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Statement About Signing a Bill To Increase Social Security Benefits

January 03, 1974

I HAVE signed into law H.R. 11333, an extremely important, far-reaching measure. This new law will raise social security benefits for nearly 30 million Americans and will bring increased benefits to some 3.4 million aged, blind, and disabled persons who have started receiving new supplemental security income benefits this week.

Just 6 months ago, I signed legislation which would have increased social security benefits almost 6 percent by next July to meet the rising cost of living. The bill I sign today will replace that increase in order to reflect more closely the rise in the cost of living since the last social security increase took effect in September of 1972.

The 11 percent increase provided by the new law will be accomplished in two steps. The first increase of 7 percent will begin in April of 1974, and a second increase of 4 percent will begin this coming July.

With these increases, social security benefits will have risen by 68.5 percent since this Administration took office nearly 5 years ago.

Protection against inflation for the aged, blind, and disabled is another very major consequence of this new law. These especially deserving people were transferred from the previous Federal-State public assistance program to the new Federal supplemental security income program on January 1. The bill I sign today will move up the benefit increase already scheduled to take effect for these recipients from July to January of 1974.

I am greatly pleased that many millions of Americans will enjoy an improved financial situation because of this legislation. To be sure, such gains cannot be made without a price, and in this instance, the increases must be financed largely by an increase in the wage base on which social security payroll taxes are levied.

One provision included in this bill is most unfortunate. It would delay until December 31, 1974, the effective date of the social service regulations recently issued by the Secretary of Health, Education, and Welfare. We in this Administration have worked hard to see that services are concentrated on those who are truly needy, rather than permitting funds to be spent with little regard for genuine need. We have made considerable progress toward this goal, and the new regulations were an important step in this progress. The postponement included in the new law will significantly impede this important thrust and could actually reduce the amount of day care, child care, and other services which can be provided for our poorest citizens.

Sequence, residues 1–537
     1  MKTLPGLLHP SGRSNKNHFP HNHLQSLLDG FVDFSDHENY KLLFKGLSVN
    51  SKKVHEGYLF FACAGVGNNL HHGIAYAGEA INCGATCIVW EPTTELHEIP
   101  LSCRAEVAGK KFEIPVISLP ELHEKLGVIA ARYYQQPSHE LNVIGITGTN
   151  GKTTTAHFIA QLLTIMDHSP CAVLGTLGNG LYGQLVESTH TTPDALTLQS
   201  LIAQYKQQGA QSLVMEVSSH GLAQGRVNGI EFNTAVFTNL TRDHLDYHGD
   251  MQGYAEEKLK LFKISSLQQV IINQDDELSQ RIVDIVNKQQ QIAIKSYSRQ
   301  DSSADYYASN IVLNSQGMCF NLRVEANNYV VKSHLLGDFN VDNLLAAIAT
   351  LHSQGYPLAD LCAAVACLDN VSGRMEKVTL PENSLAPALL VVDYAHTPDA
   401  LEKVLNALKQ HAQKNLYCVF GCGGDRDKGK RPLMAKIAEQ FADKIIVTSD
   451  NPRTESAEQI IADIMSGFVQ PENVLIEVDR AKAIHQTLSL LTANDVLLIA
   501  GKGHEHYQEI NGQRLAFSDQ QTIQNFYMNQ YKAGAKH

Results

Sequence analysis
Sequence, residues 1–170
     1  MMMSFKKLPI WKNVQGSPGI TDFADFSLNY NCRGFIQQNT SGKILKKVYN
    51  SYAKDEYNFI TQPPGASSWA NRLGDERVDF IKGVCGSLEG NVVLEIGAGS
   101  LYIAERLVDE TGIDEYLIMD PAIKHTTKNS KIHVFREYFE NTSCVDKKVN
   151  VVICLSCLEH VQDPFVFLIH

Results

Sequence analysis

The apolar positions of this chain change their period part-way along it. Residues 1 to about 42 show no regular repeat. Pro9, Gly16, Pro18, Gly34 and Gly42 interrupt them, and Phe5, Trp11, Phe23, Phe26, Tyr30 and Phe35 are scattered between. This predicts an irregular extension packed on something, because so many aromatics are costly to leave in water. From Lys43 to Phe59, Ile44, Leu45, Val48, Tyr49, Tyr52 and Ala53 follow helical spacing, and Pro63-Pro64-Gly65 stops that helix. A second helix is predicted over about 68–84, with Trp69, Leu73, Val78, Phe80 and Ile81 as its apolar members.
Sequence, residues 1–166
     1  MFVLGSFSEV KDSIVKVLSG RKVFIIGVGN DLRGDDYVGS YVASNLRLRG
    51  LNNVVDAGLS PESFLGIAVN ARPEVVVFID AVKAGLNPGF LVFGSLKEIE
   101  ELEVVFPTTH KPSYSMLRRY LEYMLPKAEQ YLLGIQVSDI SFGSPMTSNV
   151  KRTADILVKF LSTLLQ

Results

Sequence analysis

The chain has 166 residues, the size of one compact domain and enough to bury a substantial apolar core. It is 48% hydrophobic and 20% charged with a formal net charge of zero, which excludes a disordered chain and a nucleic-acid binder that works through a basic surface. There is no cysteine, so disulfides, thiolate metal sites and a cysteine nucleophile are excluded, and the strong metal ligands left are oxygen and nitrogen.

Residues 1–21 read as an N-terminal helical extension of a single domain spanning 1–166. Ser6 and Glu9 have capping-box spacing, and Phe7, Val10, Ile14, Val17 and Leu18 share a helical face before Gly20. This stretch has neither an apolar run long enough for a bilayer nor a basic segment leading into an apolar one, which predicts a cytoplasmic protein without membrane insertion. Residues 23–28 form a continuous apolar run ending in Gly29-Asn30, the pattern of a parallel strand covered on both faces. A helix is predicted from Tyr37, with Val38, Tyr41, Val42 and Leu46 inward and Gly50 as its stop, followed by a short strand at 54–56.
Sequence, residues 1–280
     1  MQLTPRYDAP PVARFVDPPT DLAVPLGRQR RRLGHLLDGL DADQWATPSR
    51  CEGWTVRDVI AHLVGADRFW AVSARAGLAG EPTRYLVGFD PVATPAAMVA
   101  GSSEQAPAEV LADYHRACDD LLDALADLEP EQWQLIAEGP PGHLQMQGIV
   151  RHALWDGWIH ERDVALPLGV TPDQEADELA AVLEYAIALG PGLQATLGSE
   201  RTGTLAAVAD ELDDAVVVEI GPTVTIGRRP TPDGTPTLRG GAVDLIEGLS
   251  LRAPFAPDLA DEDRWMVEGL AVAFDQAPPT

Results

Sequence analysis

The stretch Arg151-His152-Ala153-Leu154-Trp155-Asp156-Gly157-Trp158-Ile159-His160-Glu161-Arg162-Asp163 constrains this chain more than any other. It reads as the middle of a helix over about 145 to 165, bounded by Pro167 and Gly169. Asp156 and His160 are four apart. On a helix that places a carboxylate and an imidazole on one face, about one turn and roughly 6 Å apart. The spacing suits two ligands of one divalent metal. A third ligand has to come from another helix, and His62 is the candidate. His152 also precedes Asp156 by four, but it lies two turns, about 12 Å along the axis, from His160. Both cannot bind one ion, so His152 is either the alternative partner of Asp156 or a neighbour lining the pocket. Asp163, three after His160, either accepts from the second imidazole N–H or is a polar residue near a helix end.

In considering whether to sign this bill, I have weighed this reservation very carefully, even as I have considered carefully the impact of H.R. 11333 on payroll taxes for the average wage earner. In the end, however, I have been most deeply impressed by what this legislation can do to enhance the financial security of millions of Americans--especially our older citizens. Because I believe this advantage outweighs the disadvantages I have mentioned, I have signed H.R. 11333 into law.

Note: As enacted, H.R. 11333, approved December 31, 1973, is Public Law 93-233 (87 Stat. 947 ).

The statement was released at San Clemente, Calif.

Richard Nixon, Statement About Signing a Bill To Increase Social Security Benefits Online by Gerhard Peters and John T. Woolley, The American Presidency Project

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